The biofuel revolution is geared to replace millions of hectares
of local agricultural systems, and the rural communities working in them,
with large plantations
of genetically engineered agrofuel crops.


"A full car tank of ethanol uses the same amount of grain
that can feed a person for a year."

African NGOs call for moratorium on biofuels
by Rainer Hennig, New Nation Bangladesh, Feb 25, 2008

Uproar is slowly spreading among African civil society organisations and scientists, fearing that the biofuel revolution will bring more food insecurity, higher food prices and hunger to the continent. A petition calling for a "moratorium on new agrofuel developments in Africa" has so far been signed by over 30 NGOs all over the continent.

Biofuels have already revolutionised agriculture in the US, Brazil and parts of Asia, and if EU energy commitments are lived up to, soon will do so in Europe. Now, foreign investors are queuing at African government offices to realise giant biofuel projects on this fertile continent, promising a new "green revolution", greater independence from the oil market and even fuel export possibilities. And they are successful. So successful that the petitioners fear a quick negative impact on African food security, which is already endangered by rising world market prices for basic foods. "Investors are rushing to privatise our land for their plantations, while our governments willingly allocate millions of hectares from the 70% of Africa's land that is still communally owned," the petition warns.

"Jatropha" is being pushed as one of the new miracle crops for African small farmers to produce fuel, and the impact is already being felt around the continent. In Tanzania, thousands of farmers growing rice and maize are already being evicted from fertile areas of land with good access to water, for biofuel sugar cane and jatropha plantations on newly privatised land. Villages are being cleared, but families have been given minimal compensation or opportunities for their loss of land, community and way of life, according to the petitioners.

Millions of hectares in Ethiopia have been identified as suitable for biofuel production, and many foreign companies have already been allocated land from farmland, forests and wilderness areas. Even protected areas are not safe from the spread of biofuels. One European investor has been granted 13,000 hectares of land in Oromia state; 87% of which is the Babile Elephant Sanctuary, a home to rare and endangered elephants. In Zambia, jatropha cultivation is booming without privatisation. Foreign investors are using contracts with a large number out-growers that last up to 30 years. The petitioners fear that the out-growers have been tricked: "These contracts serve to transfer control over production from the farmer to the company, through a system of loans, numerous extra charges and service payments, and prices determined by the company. Under such a system of dependence, farmers are likely to increase their indebtedness to the company, until they may be obliged to hand over their land altogether."

In West Africa, jatropha is already being grown in Togo, Ghana, Senegal, Mali, Cote d'Ivoire and Niger. Senegal's President Abdoulaye Wade has placed fuel crops at the heart of an agriculture renewal programme in his country. In Ghana one company is planning to plant one million hectares of jatropha with support of the government, while in Benin another company has obtained permission to plant a quarter of a million hectares of biofuel crops. Farmers in Benin and in many other countries in the region have, on the average, no more than 1 hectare to grow there products and the biofuels are expected to make a serious dent into their food production.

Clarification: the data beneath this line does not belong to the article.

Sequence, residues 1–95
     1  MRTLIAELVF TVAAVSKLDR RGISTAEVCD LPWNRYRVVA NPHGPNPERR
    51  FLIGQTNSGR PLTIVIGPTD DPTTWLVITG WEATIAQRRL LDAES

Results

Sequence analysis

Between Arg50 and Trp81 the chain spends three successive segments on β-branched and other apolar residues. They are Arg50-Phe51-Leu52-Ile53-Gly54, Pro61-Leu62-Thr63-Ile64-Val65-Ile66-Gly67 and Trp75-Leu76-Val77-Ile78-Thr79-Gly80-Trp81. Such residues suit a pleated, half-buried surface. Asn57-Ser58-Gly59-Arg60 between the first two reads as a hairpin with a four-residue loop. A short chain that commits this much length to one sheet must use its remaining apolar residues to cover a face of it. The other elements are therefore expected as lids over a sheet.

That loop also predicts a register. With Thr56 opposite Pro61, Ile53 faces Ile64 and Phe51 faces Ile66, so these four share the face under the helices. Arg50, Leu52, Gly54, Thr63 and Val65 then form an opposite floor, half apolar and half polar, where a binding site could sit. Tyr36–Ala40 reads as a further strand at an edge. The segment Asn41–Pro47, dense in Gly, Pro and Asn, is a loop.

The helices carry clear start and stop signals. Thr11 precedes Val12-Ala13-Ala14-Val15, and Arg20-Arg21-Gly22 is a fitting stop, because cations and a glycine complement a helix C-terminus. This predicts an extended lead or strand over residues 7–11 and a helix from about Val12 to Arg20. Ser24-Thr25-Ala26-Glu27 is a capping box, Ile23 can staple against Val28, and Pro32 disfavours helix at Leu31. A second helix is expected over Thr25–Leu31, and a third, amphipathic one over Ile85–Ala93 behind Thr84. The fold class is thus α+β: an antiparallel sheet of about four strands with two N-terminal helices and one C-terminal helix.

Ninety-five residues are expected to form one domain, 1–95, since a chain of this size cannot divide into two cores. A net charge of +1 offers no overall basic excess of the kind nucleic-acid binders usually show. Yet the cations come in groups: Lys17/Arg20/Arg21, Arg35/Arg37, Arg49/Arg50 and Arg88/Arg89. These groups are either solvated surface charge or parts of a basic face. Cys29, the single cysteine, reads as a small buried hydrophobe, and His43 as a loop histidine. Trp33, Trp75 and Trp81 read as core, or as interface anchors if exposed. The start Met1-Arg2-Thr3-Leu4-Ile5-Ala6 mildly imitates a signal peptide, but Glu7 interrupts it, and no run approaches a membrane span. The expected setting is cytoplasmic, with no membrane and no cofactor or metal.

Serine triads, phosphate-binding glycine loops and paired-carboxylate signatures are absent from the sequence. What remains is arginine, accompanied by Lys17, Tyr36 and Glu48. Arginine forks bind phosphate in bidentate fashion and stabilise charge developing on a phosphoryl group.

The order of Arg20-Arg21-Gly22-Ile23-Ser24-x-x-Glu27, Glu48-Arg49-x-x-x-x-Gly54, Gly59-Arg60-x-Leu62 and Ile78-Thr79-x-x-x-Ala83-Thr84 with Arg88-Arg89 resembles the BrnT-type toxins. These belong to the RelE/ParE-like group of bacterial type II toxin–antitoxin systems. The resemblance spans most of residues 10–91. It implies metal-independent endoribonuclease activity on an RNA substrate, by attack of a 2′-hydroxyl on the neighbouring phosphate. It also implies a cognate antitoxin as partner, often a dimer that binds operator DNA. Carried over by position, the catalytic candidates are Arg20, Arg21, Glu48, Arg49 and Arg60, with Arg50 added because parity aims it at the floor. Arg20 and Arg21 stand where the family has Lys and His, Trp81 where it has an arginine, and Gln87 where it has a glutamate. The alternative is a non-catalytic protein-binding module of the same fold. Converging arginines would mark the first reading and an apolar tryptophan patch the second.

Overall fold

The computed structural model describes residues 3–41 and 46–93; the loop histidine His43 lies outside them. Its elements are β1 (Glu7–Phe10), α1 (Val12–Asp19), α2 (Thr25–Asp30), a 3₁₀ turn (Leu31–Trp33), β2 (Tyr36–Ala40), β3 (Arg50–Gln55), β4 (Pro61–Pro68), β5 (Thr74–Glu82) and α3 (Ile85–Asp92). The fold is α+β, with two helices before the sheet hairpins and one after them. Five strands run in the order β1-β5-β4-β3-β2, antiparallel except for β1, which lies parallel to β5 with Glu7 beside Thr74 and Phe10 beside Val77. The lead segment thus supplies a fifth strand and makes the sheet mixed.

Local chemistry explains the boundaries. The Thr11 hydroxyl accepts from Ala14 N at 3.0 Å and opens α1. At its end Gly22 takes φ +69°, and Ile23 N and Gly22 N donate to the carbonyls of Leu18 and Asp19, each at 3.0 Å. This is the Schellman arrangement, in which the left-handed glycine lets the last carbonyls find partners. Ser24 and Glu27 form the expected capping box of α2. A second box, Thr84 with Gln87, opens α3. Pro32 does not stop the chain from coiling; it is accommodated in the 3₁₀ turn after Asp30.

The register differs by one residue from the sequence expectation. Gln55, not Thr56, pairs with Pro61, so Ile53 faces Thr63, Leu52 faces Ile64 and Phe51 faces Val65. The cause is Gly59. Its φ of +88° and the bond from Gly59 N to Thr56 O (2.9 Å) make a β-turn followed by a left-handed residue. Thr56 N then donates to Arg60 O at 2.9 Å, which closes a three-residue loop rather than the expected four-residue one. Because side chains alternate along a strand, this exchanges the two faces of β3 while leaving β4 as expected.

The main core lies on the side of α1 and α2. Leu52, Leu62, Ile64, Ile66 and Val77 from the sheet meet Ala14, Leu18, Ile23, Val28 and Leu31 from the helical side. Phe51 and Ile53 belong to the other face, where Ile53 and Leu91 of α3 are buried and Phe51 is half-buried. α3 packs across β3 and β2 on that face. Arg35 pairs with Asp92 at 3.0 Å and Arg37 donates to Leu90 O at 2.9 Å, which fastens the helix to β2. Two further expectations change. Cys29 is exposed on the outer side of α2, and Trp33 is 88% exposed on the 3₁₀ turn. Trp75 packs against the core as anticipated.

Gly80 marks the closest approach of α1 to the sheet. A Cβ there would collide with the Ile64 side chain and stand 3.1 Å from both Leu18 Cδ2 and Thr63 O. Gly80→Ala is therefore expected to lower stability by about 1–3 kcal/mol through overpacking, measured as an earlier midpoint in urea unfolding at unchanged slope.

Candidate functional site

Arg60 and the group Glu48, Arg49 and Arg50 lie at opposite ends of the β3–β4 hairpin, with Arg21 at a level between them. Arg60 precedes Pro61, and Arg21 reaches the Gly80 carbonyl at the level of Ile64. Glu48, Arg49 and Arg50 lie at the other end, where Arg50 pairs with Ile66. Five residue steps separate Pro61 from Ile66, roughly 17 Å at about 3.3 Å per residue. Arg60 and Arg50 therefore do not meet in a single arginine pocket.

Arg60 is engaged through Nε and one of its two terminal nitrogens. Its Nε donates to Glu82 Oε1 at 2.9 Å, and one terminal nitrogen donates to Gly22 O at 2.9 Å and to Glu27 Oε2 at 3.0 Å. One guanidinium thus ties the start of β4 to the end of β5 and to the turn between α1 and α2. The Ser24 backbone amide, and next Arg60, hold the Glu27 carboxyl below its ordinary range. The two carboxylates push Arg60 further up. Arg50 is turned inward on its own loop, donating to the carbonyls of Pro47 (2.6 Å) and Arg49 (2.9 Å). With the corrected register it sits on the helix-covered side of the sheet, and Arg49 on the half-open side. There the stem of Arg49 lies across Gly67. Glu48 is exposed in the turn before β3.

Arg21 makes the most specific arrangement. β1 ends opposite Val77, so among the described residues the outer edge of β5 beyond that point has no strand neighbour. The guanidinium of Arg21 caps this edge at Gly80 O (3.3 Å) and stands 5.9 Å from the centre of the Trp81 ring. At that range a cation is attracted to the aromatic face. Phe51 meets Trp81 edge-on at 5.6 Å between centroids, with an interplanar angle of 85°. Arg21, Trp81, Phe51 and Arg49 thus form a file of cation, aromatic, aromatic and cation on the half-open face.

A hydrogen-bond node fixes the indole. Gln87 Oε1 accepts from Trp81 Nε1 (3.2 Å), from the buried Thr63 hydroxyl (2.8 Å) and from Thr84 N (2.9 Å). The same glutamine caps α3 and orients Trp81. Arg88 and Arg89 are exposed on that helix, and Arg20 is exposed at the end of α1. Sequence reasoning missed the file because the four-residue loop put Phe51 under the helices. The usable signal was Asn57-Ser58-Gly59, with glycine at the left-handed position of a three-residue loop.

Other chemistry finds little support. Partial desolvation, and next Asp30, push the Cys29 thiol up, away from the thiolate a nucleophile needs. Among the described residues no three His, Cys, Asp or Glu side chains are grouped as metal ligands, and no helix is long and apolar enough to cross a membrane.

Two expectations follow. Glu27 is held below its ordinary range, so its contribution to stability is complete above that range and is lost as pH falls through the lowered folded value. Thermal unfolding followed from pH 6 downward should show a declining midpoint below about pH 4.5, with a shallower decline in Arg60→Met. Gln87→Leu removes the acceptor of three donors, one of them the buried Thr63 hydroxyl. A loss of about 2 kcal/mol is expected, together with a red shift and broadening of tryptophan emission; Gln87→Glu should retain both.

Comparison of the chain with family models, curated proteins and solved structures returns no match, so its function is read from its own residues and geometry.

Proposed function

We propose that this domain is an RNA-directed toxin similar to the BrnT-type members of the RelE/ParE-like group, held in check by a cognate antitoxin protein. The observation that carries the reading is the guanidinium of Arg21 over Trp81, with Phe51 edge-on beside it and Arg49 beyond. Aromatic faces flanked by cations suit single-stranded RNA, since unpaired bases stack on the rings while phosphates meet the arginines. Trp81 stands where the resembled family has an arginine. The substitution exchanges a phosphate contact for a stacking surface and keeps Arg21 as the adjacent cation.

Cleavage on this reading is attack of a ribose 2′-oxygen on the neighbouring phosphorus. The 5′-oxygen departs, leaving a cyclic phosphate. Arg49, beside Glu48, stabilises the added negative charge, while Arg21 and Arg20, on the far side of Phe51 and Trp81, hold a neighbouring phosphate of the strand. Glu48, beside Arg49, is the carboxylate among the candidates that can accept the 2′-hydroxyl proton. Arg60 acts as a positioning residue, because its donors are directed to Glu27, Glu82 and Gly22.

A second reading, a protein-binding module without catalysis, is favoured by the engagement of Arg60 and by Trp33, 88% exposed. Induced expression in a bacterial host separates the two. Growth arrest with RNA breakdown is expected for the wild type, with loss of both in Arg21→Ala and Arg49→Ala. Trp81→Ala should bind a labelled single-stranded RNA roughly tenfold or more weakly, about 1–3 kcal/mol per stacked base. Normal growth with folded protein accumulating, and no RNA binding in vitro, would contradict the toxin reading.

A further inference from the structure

The petitioners therefore hold that the biofuel revolution is "geared to replace millions of hectares of local agricultural systems, and the rural communities working in them, with large plantations. It is oriented to substitute biodiversity-based indigenous cropping, grazing and pasture farming systems by monocultures and genetically engineered agrofuel crops."

In agreement with several new scientific analyses, they hold that "the current push for agrofuels exacerbate, rather than solve, the problem of climate change." "Among Africa's many challenges, food security is one of the most serious. A full car tank of ethanol uses the same amount of grain that can feed a child for a year. We do not understand how our governments can willingly take our food, land and water to meet the fuel luxuries of the wealthy in the North, when we already face problems of food security and environmental destruction at home," the petition reads.

The call for a moratorium on new biofuel developments in Africa is in line with warnings from the main UN agencies involved in agriculture and food aid, WFP and FAO, registering that the increased acreage used for biofuels is already contributing to higher food prices and may lead to more hunger in the world. Indeed, already in October last year, the UN's Special Rapporteur on the Right to Food, Jean Ziegler, in his annual report called for a world-wide 5-year moratorium on building biofuel manufacturing plants that use food stocks.

"A full car tank of ethanol uses the same amount of grain
that can feed a child for a year."

African NGOs call for moratorium on biofuels. New Nation Bangladesh, Feb 25, 2008


Biofuel emissions worse than oil (less C20 but more N20; more corn used as fuel than food) & Counting cost of wheat price hike (drought, flood, disease, food-as-fuel means bread shortage & hunger). Times/BBC, Sep 21, 2007>


9.Keeping Masses Down and 15.Life In Oceania

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